I’m a numbers person. It must be genetic, because I think I’ve passed it on to our daughter! When I was young, I remember being in the car passing buildings with long phone numbers on them and challenging myself to memorise them. I memorised all our old phone numbers, 17 numbers of Pi, and I still remember my high school friend’s Mum’s mobile numbers and most of my family’s social security numbers (my Mum always asked me what hers was when she needed it!). I have no idea why. But I do know that somehow, numbers can make us feel safe. They’re predictable, specific, measurable, controllable…   

Sometimes we want the numbers to go up. The number in our bank account, in our followers/viewers/subscribers, the numbers in our ministry. Sometimes we want the numbers to go down. How many more days til we’re out of Covid-19 lockdown? How many sleeps til my birthday? How many years til we can afford a house? How many more bites of soup do I need to take?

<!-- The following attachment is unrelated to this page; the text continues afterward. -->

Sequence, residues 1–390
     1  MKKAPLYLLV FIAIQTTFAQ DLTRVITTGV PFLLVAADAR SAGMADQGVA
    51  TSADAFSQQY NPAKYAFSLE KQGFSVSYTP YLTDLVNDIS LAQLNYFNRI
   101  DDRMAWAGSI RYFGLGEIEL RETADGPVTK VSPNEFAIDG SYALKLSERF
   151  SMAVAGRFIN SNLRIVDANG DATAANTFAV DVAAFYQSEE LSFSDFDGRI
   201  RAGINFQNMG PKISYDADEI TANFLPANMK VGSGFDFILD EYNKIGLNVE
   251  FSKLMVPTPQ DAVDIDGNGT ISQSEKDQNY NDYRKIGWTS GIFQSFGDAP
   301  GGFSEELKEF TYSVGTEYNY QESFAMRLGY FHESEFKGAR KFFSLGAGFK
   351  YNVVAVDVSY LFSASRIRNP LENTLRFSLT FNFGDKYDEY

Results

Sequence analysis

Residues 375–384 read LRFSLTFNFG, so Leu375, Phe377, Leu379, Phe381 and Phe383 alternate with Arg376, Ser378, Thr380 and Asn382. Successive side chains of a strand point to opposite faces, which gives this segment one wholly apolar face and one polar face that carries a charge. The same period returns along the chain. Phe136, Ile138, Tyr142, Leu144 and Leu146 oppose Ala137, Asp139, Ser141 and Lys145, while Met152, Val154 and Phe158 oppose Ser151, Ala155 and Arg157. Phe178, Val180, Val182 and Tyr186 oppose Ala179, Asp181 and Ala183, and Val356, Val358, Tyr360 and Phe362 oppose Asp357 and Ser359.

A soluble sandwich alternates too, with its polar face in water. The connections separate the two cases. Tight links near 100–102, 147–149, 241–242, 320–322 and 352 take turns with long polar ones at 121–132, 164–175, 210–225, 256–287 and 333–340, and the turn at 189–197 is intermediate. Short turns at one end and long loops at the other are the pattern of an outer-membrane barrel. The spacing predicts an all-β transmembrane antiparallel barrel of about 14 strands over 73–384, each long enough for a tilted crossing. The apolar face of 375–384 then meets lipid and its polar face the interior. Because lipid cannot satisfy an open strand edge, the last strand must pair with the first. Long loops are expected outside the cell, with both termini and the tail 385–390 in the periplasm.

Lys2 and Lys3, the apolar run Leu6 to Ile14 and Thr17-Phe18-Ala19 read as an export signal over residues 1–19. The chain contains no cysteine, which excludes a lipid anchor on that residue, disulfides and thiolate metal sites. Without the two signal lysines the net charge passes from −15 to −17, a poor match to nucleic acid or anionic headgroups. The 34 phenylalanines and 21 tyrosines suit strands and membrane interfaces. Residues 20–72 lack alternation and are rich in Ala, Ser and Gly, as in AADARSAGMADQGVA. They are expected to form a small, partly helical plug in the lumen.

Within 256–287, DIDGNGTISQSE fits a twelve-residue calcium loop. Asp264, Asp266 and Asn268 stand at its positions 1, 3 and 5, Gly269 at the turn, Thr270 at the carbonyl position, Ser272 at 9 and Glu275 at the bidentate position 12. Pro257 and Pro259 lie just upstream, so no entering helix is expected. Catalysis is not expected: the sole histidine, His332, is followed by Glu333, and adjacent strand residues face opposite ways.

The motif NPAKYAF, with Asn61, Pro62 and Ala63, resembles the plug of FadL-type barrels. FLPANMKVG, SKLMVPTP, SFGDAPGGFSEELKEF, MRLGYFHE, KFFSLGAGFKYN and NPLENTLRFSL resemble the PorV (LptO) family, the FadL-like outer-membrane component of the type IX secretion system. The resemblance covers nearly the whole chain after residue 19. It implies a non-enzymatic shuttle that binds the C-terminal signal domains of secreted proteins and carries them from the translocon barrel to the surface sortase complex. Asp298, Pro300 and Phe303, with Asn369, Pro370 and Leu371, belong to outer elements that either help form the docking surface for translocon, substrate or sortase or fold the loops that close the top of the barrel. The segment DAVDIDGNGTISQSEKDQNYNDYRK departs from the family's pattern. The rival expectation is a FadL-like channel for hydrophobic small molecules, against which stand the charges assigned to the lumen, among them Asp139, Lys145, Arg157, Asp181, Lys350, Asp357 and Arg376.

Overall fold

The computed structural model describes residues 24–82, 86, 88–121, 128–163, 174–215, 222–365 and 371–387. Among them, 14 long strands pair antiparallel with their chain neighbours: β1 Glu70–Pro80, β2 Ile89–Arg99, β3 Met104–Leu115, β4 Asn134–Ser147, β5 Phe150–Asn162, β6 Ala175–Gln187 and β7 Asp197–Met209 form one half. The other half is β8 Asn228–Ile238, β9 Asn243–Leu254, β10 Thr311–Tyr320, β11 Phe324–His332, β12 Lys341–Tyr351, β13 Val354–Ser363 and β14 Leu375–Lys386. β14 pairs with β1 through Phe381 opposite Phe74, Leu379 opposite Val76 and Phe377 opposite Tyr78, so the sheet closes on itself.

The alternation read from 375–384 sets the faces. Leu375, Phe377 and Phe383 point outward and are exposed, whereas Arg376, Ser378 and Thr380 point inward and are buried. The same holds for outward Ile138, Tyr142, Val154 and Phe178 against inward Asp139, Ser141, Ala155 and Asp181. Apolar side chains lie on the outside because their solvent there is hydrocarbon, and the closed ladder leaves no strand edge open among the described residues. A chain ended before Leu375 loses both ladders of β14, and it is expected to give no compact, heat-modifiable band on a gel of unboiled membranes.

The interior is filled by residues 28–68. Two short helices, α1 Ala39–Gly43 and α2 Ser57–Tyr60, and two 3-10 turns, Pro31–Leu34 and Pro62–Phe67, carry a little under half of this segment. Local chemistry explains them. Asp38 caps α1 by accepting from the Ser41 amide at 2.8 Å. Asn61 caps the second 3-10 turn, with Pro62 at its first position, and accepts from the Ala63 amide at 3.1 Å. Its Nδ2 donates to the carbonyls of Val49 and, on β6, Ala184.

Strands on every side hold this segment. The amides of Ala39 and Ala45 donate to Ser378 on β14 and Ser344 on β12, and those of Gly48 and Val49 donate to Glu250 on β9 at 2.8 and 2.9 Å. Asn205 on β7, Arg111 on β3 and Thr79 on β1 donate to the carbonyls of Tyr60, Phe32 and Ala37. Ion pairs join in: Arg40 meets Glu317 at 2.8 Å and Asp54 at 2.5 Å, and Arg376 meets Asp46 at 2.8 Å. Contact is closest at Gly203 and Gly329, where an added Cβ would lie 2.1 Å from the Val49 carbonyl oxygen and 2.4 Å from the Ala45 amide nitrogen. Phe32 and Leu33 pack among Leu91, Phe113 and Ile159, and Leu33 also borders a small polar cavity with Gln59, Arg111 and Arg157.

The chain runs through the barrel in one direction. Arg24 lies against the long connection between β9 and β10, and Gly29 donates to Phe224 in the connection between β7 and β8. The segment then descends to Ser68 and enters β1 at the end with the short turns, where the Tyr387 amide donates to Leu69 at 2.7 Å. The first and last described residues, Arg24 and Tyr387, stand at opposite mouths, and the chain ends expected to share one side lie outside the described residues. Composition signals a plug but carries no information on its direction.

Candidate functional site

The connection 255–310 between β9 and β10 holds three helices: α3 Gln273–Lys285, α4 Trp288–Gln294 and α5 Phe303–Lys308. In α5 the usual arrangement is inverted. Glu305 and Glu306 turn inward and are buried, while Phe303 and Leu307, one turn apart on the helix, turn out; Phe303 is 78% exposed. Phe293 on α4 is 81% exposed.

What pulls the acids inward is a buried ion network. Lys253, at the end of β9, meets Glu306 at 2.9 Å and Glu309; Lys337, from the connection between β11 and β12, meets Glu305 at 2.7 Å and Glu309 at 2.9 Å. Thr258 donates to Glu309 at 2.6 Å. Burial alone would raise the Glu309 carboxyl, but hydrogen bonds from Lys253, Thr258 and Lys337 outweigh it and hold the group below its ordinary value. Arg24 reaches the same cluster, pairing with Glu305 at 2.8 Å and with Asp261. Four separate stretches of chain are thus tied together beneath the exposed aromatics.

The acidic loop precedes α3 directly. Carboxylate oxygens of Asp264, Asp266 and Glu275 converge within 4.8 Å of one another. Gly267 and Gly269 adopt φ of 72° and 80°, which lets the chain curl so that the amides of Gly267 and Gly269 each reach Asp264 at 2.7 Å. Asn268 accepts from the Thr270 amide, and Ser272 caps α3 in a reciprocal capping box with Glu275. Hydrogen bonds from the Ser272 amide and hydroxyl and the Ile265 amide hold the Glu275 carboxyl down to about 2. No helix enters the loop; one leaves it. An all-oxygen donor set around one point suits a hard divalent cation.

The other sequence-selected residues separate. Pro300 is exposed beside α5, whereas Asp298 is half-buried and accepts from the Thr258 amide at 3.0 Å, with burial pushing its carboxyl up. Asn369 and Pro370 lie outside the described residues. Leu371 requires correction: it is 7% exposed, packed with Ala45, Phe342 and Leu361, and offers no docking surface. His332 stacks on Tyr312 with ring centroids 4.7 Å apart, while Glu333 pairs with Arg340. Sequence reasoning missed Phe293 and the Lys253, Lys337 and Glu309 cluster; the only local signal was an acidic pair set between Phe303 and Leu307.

Peter seemed like a numbers guy. One day, he asked Jesus “Lord, how many times should I forgive my brother who sins against me? Up to seven times?” Jesus answered “Not just seven times, but seventy-times-seven” (Matthew 18:21-22). From what I understand, Jesus didn’t want to increase the number from 7 to 77, but rather tell Peter that it wasn’t about “how many times”. It was about keeping on forgiving as long as forgiveness was needed. I understood a little of that frustration in my conversation with Anna about the soup! It’s not about exactly how many bites I want her to take, it’s about eating the soup until there’s no more soup to eat!   

How easy it is to get fixated on the numbers… they can help us measure ourselves against others, measure ourselves against our goal, measure how far we’ve come. There are plenty of good numbers in scripture too. Obviously Jesus was meant to have exactly twelve disciples, there are 24 elders around the throne in Revelation, God gave Noah the specific measurements of the Ark, and gave Moses the specific numerical measurements for the Tabernacle. Sometimes it’s difficult to decipher what are the important numbers and what aren’t. But something I’m learning is not to draw my value and safety from the numbers… but rather on continuing to do what He’s asked me to do.